Data for the management of healthcare is one of the key pillars in achieving effective healthcare delivery, for the simple reason that it comes in handy in tracking a range of indicators that influence health in the communities. When communities are empowered to capture data to gain insights into important health issues such as HIV, they can also develop effective community programs and policies that can address various factors that ultimately affect their health positively.
The National AIDS Control Council (NACC) has embarked on training of the communities of practice in various project localities with an objective of introducing and training the communities on the new online data collection tool which uses the Open Data Kit (ODK) approach. The application which can be downloaded directly on the android phone allows data collection and submission to the online server located at the NACC headquarters. The training which took place in Mbita and Ndhiwa sub-counties in Homa bay County between January 24 – 27, 2022 brought together Fisherfolks and Boda boda operators communities who immensely benefitted from this cutting age technology.
NACC has been coordinating the LISTEN process in Kiambu and Homa bay Counties with support from Center for Global Health Practice and Impact (CGHPI) of Georgetown University and Bill and Melinda Gates since 2019. The Human Centered Design (HCD) technical support is being provided by Final Mile – a fractal company.
The online reporting tool moves from paper-based reporting, commonly referred to as flat files, to online data reporting that comes with ease and convenience with the technical backstopping provided by the NACC. The tool has a provision for adjustment making it flexible and adaptable at any given time to suit the specific objectives with indicators of the programs that the communities of practice intend to run on the ground.
Teenage pregnancies continue to be on the rise in Homa bay county. According to the 2020 HIV estimates, Homabay county has a prevalence of 18.5%, with 135,977 people living with HIV. Currently, teenage pregnancies reported in Ndhiwa sub-county stand at 2,144 and 1,133 for Mbita sub-county. The number of new HIV infections among adolescents and young people between 20-24 years is high, with 16,474 reported in the 2020 HIV estimates.
Apart from the health issues that the community of practice have identified and prioritized, economic empowerment, insecurity and lack of training for the boda boda riders that were the cause of many traffic accidents have also been incorporated in the list of issues to be addressed in order to attain social and health growth and development. These issues inform some of the indicators that are being tracked in the online data tool.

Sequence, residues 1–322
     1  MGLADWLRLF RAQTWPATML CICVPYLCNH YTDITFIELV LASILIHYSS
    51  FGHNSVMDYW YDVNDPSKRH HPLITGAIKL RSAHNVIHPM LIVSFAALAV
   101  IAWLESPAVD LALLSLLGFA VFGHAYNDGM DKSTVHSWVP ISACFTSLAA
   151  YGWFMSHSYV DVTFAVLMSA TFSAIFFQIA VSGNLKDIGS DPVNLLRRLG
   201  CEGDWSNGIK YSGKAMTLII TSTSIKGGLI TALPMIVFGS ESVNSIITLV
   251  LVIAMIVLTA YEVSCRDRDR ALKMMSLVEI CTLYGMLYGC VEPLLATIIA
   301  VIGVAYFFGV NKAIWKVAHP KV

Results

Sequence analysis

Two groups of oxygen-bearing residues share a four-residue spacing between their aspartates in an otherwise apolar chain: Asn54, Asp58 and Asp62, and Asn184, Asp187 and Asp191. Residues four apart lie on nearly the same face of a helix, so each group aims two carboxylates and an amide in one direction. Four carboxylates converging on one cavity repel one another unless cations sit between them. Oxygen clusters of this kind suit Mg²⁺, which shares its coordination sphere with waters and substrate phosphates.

Through the LISTEN process, the communities of practice identify their problems which are then linked to respective government agencies such as the health care service delivery, county security structures and trade departments. Previously, programs were prescriptive and were taken to the community with little or no involvement of the people, making it difficult for communities to embrace and be part of these programs a phenomenon which hampered their chances of success and sustainability. The LISTEN process uses a participatory approach that seeks to change the community members’ mindset in addressing community problems while strengthening the Communities of Practice networks both horizontally and vertically across the model.
With the introduction of the new online data collection tool, it is expected that the gaps in data collection process will be addressed and eventually improve the quality of data.. One of the challenges in enhancing data management at the community levels has been lack of proper data collection and usage mechanisms that has made it difficult to access and utilize available within and across communities of practice.
Vincent Odongo Ogolla, a member of the fisherfolk community of practice in Mfangano Island in Homabay county since the inception of the LISTEN process in 2019, could not hide his joy on the online reporting tool, terming it as a game-changer. “The introduction of the new online reporting tool is a gamechanger in boosting data reporting. The previous reporting tool was expensive and cumbersome since we moved around with paper, and the hard part was transporting data from the island to the mainland, which is costly and time-consuming. We can now use the online reporting tool to report data at any time and conveniently,” he says.
The online reporting tool will address health data efforts that exist informally today by providing a common structure and set of standards that will greatly improve its utility.